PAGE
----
Ania Bleszynski

Ania Bleszynski is a 5th year graduate student in Professor Westervelt's group. She works on imaging electrons in nanostructures using a scanning probe microscope at He temperatures. Some of the system she studies are two-dimensional electron gases, quantum dots, and nanowires. While not scanning, she likes to run around on the tennis court, the basketball court, any court, but not the squash court. Reading novels is another
favorite pastime.

 

 

 

Stephen Cronin

Steve Cronin is a post-doc in Prof. Tinkham's lab.  His work focuses mainly on single carbon nanotube spectroscopy and electron transport measurements on the same individual nanotube.  He has developed several techniques for measuring Raman spectroscopy of individual nanotubes under uniaxial strain and electrochemical gating.

 

Ilya Finkler

Ilya Finkler is a fourth-year graduate student in physics dept working with professor Halperin.  He is currently trying to understand how so-called zero-resistance state arise in 2DEG's subject to microwave radiation. When not doing physics, Ilya enjoys watching movies (the more depressing, the better--Ingmar Bergman, here we come), running, hiking, and listening to music (classical, folk, and russian rock).

 

 

Ian Gelfand

Ian Gelfand is a 3rd year PhD student in Marc Kastner's group at MIT.  His research topic is  novel semiconductor structures and nanoelectronics.

 

 

Davide Iannuzzi

Davide Iannuzzi grew up in Venice, Italy. He earned a "Laurea summa cum laude" in Physics at the University of Padua (Italy) and his Ph.D. in Physics at the University of Pavia (Italy). He came to the US in 2001 to work as a postdoctoral fellow at Bell Labs (NJ). After 15 months, he moved to Harvard, where he is working in the group of Prof. Federico Capasso. His research interests focus on the investigation of quantum electrodynamics interactions between surfaces at submicron distances. In the past, he contributed to the development of new prototypes of particle detectors and to the understanding of the optical and electronic properties of liquefied noble gases. He spends all his free time playing with his two sons.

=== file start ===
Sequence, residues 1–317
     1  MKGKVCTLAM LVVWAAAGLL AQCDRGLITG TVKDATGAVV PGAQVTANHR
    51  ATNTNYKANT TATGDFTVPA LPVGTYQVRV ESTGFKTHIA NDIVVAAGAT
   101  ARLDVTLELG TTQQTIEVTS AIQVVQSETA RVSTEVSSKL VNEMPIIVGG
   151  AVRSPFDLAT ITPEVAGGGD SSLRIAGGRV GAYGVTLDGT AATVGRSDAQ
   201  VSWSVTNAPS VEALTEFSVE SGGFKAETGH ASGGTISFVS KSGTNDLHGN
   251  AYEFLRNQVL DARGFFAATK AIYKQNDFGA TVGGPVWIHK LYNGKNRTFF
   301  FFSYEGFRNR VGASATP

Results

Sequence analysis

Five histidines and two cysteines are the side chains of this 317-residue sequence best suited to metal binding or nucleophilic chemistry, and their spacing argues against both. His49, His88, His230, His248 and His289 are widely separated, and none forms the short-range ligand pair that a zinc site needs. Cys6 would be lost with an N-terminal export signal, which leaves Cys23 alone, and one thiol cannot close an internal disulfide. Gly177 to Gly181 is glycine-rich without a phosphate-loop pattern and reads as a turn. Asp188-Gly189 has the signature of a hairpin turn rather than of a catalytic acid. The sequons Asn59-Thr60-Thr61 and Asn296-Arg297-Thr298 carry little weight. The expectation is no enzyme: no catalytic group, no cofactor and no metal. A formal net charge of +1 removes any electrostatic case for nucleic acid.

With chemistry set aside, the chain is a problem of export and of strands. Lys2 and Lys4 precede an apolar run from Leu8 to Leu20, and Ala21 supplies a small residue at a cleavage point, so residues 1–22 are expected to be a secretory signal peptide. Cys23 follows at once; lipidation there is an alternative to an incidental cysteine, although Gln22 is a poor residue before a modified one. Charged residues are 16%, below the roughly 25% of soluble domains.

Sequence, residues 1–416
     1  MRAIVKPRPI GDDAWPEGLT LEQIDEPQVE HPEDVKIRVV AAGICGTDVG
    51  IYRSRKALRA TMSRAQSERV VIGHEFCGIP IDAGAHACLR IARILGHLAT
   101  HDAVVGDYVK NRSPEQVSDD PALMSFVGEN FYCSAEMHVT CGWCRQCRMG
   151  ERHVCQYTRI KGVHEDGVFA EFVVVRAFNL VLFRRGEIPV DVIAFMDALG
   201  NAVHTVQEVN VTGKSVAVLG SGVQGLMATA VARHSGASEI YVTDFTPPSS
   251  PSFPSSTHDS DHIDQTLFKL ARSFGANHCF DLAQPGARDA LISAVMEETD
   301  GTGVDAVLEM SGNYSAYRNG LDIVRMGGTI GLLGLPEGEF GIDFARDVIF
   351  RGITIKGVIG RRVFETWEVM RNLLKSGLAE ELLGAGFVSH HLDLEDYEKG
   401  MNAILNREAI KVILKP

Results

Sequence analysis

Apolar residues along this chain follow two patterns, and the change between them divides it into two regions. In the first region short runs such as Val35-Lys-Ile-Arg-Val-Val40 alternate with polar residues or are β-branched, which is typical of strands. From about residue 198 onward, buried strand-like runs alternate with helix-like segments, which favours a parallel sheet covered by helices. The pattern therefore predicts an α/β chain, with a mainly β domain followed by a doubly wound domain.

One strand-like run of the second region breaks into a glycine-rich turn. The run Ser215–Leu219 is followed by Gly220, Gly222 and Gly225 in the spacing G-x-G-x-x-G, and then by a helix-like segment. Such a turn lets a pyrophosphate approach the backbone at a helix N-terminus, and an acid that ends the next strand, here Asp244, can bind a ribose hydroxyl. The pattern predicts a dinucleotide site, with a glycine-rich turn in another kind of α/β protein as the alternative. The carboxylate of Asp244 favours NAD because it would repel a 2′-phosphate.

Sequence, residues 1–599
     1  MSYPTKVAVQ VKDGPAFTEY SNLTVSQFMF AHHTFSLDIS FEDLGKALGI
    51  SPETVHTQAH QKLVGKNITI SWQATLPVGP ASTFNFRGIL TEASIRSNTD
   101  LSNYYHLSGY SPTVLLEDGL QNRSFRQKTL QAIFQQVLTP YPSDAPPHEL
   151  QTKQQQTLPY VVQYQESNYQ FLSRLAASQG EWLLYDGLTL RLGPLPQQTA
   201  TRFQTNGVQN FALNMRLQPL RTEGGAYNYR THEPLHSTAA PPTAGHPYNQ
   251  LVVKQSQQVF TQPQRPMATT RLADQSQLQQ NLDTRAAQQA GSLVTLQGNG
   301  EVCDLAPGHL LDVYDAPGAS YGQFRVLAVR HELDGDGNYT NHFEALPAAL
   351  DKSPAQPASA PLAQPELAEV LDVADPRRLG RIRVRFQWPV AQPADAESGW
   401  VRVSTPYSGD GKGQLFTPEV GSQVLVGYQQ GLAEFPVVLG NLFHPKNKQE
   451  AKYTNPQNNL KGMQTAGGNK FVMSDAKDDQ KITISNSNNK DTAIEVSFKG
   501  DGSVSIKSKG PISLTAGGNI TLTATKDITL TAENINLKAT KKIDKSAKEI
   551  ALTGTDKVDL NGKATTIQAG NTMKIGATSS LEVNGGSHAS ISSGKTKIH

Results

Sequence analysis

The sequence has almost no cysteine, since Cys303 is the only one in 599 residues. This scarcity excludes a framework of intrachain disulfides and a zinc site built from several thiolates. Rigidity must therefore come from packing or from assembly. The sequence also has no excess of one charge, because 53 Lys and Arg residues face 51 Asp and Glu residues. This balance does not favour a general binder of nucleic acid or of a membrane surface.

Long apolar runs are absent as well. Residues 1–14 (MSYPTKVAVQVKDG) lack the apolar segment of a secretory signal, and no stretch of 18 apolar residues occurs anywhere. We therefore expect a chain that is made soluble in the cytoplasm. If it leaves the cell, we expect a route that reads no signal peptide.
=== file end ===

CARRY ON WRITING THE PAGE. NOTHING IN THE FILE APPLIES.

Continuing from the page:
Adilet Imambekov

 

Adilet Imambekov, received his B.S. degree in 2002 from Moscow Institute of Physics and Technology. He is a third-year graduate student in physics dept working with professor Demler. He is currently working on the interface of condensed matter and atomic physics, trying to understand theoretically the many-body behavior of BEC in confined geometries.
You can find him on weekdays climbing on some rocks near Boston, or in the climing gym, and on weekends going to New Hampshire to hike, rock climb or ice-climb. He comes to seminars when there is free food, so we are lucky to see him sometimes at our NSEC Research Exchange.

 

 

Jeffrey Miller

Jeff joined Prof. Charlie Marcus' group at Harvard as a graduate student in 2000, where he studies spin-related properties of electrons in mesoscopic solid-state structures. Jeff holds a bachelors degree in Materials Science and Physics from the University of Wisconsin, Madison. In addition to applied quantum mechanics, Jeff enjoys horticulture and photography, often at the same time.

 

 

Amy Prieto